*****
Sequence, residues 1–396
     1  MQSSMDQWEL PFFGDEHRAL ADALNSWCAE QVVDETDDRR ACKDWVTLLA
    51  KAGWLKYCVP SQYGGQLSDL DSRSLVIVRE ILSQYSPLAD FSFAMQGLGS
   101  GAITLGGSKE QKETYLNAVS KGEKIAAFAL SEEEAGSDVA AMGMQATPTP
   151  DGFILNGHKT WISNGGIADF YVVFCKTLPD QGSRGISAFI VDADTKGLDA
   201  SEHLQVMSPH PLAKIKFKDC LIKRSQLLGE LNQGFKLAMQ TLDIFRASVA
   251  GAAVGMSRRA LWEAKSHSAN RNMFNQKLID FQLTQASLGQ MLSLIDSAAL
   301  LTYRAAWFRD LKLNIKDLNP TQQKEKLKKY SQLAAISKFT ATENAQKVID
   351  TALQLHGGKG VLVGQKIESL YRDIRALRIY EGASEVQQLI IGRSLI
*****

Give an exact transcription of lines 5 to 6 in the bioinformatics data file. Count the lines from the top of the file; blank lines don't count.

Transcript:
   151  DGFILNGHKT WISNGGIADF YVVFCKTLPD QGSRGISAFI VDADTKGLDA
   201  SEHLQVMSPH PLAKIKFKDC LIKRSQLLGE LNQGFKLAMQ TLDIFRASVA